(In Michigan, the cards above are called the Ante cards)
Card Game Rules
Michigan is a casino type game for three or more people. The game requires a standard 52 playing card deck along with an additional Ace of Hearts, King of Clubs, Queen of Diamonds, and Jack of Spades from another deck. In Michigan, Aces are high and 2s low. The objective of the game is to win Boodle, or poker chips, off the Antes and to be the first to play all of your cards.
Before gameplay can begin, a dealer must be selected. To do so, players must choose a random card from a shuffled deck. The player with the lowest card becomes the dealer. Ties are broken with repeated drawings. The dealer shuffles the deck and passes out all of the cards face down to every player one at a time. While doing so, they must also pass out a widowed hand.
The additional Ace of Hearts, King of Clubs, Queen of Diamonds, and Jack of Spades are placed face up in the middle of the gameplay area. These are called the Antes. Each player, besides the dealer, must place one poker chip on each of the Antes. The dealer must place two poker chips.
How to Play
The player to the left of the dealer begins gameplay and play proceeds clockwise. To start, player must play their lowest card in any suit. The next player must follow in suit and in increasing sequence. If a player cannot do so, play stops, and they then form a new pile with their lowest card in any suit. The same suit cannot be played twice in a row after a stop. When a player is able to play one of the Ante cards, they then take the chips on the cards.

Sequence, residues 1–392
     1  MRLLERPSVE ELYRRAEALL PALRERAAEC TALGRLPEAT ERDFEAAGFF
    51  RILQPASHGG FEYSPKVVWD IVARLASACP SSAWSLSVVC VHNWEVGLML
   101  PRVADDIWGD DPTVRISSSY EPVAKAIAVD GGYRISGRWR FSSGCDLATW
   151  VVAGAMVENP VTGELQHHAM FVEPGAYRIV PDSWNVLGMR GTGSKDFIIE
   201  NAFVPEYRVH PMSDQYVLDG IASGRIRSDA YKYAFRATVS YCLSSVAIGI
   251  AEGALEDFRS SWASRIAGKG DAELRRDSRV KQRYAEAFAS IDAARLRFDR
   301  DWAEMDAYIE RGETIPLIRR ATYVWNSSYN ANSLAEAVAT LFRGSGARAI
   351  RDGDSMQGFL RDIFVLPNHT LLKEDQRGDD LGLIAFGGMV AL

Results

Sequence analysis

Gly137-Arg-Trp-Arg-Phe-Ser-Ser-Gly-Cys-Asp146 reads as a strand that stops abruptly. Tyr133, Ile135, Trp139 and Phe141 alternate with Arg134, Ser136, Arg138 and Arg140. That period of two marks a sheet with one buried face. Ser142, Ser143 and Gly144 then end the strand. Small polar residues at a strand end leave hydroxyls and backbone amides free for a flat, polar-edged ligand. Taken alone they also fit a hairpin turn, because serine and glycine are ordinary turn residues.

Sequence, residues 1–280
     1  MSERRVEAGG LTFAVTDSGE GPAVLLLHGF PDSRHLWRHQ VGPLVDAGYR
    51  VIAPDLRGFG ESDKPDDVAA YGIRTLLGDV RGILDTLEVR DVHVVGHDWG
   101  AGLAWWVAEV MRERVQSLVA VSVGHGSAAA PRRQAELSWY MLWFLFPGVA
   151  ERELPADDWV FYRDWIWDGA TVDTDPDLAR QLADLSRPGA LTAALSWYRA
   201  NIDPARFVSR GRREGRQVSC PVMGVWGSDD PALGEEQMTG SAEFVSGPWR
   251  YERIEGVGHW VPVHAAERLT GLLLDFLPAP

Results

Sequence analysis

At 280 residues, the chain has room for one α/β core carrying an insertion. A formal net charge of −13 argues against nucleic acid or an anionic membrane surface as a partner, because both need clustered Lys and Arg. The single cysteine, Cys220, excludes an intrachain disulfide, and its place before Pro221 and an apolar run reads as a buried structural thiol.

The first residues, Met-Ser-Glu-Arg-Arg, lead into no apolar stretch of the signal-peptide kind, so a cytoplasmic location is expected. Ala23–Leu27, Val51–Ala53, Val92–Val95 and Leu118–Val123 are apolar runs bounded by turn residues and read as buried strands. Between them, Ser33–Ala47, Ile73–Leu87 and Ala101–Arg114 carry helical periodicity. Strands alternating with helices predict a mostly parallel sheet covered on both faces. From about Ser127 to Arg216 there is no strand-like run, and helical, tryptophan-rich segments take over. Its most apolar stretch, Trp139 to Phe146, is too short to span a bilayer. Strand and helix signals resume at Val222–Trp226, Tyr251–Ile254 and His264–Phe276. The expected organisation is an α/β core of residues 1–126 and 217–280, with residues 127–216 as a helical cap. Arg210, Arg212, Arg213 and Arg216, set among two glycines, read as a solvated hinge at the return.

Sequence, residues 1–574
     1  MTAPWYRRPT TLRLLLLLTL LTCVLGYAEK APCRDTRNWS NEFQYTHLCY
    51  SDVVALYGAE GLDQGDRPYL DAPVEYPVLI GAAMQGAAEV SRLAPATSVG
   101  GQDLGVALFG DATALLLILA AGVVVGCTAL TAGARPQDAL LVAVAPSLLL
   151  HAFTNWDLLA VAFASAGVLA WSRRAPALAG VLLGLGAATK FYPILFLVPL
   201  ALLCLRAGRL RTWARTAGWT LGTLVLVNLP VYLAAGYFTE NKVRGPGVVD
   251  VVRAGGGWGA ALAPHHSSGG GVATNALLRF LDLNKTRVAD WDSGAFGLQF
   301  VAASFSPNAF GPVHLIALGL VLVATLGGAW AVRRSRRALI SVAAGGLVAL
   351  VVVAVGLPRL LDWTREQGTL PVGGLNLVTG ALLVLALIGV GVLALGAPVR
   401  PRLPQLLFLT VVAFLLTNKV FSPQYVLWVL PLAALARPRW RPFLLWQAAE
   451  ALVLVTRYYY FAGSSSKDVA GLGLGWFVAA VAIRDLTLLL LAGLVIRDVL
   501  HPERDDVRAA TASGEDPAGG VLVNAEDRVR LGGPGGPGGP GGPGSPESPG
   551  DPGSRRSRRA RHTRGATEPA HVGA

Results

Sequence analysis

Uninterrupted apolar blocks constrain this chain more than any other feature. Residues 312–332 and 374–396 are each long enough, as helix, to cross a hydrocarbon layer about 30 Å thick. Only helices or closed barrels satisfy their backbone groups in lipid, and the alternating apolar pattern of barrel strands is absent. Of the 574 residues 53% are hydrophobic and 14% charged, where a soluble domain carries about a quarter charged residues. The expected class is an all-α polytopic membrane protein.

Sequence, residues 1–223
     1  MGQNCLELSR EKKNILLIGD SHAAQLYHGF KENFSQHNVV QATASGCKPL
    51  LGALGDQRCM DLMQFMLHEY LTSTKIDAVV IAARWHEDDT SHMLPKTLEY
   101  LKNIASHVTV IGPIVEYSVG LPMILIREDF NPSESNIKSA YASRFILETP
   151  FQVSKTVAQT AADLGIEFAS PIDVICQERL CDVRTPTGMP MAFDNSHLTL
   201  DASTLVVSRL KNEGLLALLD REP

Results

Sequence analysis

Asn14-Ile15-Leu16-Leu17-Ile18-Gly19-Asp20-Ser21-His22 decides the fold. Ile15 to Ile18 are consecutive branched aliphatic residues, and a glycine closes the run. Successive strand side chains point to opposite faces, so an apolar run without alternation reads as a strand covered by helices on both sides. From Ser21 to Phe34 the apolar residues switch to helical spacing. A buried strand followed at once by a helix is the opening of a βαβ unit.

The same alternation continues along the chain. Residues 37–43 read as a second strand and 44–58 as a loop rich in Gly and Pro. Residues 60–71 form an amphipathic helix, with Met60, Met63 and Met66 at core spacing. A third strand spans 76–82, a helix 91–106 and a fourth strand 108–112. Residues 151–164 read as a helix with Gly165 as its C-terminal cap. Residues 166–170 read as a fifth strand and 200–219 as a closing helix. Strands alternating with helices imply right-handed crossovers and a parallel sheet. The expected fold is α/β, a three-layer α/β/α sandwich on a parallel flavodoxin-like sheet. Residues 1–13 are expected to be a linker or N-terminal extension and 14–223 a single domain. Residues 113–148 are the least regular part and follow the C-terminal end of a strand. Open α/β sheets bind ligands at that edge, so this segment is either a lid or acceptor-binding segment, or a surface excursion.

When a player runs out of cards, the game ends and each player must pay the winner an equal amount of chips to the number of cards remaining in their hand.
For more information about Michigan and its rules, check out Pagat's article here.
Looking for more card games to play? Check out this article:
About the author: John Taylor is a content writer and freelancer through the company Upwork.com. You may view his freelancing profile here. He has a B. A. in English, with a specialty in technical writing, from Texas A&M University and a M. A. in English from the University of Glasgow. You may view his previous articles about card games here and his LinkedIn profile here.